Thursday, 9 March 2017

Lymphoedema Awareness Week ~ Sarah

Read Sarah's story to learn the many ways she manages her lymphoedema in the fourth of our #ResilienceinLymphoedema posts:

I am Sarah. In early 2013 I found a lump in my left breast, and the rest as they say is history. Although it’s not. Then, aged 38 with a 5 year old, husband just started a job working away during the week, cancer was not something that I was expecting to deal with. I didn't have a very good breast care nurse, she retired at some stage of my treatments, I only met her once, the day I was diagnosed. So every step of my journey was a step into the unknown. No one told me about lymphoedema.

Lovely TAC chemo, lumpectomy surgery with full node clearance and 20 rounds of rads. I also have a node with cancer in my collarbone area that couldn't be removed. I was told that Chemo and extra radiotherapy to that area would kill off the cancer and lymph node. The radiotherapy has caused further damage to my lymphatic system around my neck, which does build up too.

During my first week of radiotherapy I noticed pockets of swelling in my inner forearm. My arm started to ache, a lot. So I started to google and learnt about lymphoedema. The nurses in oncology dismissed my worries and requests of a referral, it was side effects of the radiotherapy and it would settle down.

A few months later I saw a new breast care nurse for a routine post treatments follow-up. She agreed to refer me to the local lymphodema service and a few weeks later I became the new owner of one beige and one black sleeve.

I do try to hide my sleeve as I get fed up with people looking and staring and then asking what have I done to myself. It does feel a bit of constant reminder of what has happened to me. I think the sleeves are pretty ugly too!!

So over the past couple of years I have had to make some small adjustments in my day to day life. I've learned not to sleep on my left side if possible or hold my sons hand on my left hand side, it hurts too much to have my arm in that position. I have switched wearing my wedding ring to the right hand. I try not to overdo the shopping so use online for bigger shops, gardening, heavy lifting. I've switched my car to driving an automatic. Putting my jacket on left (lymphie) arm first. 
Swimming is a good exercise for my arm. I do believe use it or lose it. So I do as much as I can to keep my arm in good shape.

All my clothes are non-restrictive around my armpit area. I try to buy cottons and stretchy materials where possible. Most things now have long sleeves and cardigans are now staples in my wardrobe!

I am fortunate to live in an area where we have a fairly well funded lymphoedema service. But budgets and funding is limited and I do feel angry that I had to develop worse lymphoedema before I could have extra treatments which I fully believe would have stopped it developing if they had been available for everyone.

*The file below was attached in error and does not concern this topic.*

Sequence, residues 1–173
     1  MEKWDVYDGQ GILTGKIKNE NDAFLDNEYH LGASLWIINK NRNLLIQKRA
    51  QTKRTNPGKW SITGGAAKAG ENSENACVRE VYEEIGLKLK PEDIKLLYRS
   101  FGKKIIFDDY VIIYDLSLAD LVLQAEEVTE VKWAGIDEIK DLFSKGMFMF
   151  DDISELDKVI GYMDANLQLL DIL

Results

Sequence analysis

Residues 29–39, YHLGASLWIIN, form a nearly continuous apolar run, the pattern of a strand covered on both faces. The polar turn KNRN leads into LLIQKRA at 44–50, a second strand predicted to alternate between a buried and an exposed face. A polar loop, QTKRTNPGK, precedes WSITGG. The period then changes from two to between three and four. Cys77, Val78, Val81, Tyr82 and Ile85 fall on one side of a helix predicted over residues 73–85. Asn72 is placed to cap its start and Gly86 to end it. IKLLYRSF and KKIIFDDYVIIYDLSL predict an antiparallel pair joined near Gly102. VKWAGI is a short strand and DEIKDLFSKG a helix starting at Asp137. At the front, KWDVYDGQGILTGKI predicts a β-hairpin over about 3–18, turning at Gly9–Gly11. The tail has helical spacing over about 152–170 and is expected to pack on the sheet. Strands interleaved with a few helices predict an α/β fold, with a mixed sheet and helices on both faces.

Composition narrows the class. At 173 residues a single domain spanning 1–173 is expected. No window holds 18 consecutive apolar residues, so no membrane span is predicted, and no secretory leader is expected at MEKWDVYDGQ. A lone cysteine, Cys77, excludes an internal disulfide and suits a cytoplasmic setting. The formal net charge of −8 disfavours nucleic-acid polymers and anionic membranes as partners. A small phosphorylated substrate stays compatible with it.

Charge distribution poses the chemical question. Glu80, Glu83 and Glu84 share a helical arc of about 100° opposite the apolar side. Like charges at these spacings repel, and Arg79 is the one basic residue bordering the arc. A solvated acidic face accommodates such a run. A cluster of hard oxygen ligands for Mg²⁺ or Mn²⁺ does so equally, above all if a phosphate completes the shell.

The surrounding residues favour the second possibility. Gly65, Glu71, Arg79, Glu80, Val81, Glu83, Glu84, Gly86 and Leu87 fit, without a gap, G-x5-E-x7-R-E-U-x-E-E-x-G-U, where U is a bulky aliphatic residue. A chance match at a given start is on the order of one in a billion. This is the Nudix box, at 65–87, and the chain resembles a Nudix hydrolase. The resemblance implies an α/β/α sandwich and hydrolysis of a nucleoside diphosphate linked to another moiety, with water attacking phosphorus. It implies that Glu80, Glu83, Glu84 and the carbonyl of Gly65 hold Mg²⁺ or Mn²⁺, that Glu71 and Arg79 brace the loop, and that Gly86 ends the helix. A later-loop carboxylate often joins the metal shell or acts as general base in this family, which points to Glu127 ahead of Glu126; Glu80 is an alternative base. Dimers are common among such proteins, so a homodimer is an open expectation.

The lymphoedema nurses have referred me to a physiotherapist to ease cording in my arm. It was noticed that I have damaged to nerves from the surgery and radiotherapy. I have various exercises to help ease the stiffness, but it does explain the sharp pains and restriction in movement I have.

This past year it has been confirmed by the breast surgeon that lymphoedema has spread to my chest, breast and back areas. So the tight, firm and lumps I've always had in my breast since surgery is actually lymphoedema swelling, as well as scar tissue, etc. I was quite relieved to learn that one particular painful lump in my breast wasn't anything more sinister!! It’s a constant learning curve. This has opened up a new world of treatments which never existed when lymphoedema was "only" in my arm.

I have just completed a 12 week course of LLLT (low level laser therapy). Its worked well for me and even help ease some of the discomfort from the scar tissue. From the first session I felt a small "pop" in one area of the breast and a strange drawing, trickling feeling as the fluid had finally been released. The nurses have taught me how to self-massage, to use kinesiology tape on my arms and body to assist fluid movements. It’s a two-person job to put the tape on my back and chest - dear hubby came along to learn too. I have also tried the pump sleeve. It didn't work as well for me, but it is very relaxing and did ease some aches.

I've have tried a few different sleeves, some are too short, some are too hot and itchy. However one thing they all have in common is that they are beige!! Although there are a few brands that also do sleeves in black which is better. At the moment I have some cotton ones as I was getting a sweaty rash last summer. They are cooler to wear but they do not like it when they take an accidental trip through the tumble dyer!

My advice is keep talking to the health professionals to get help. Ask questions. Not all the services are joined up so you do need to be your own advocate. There is help out there, just not always easy finding it!

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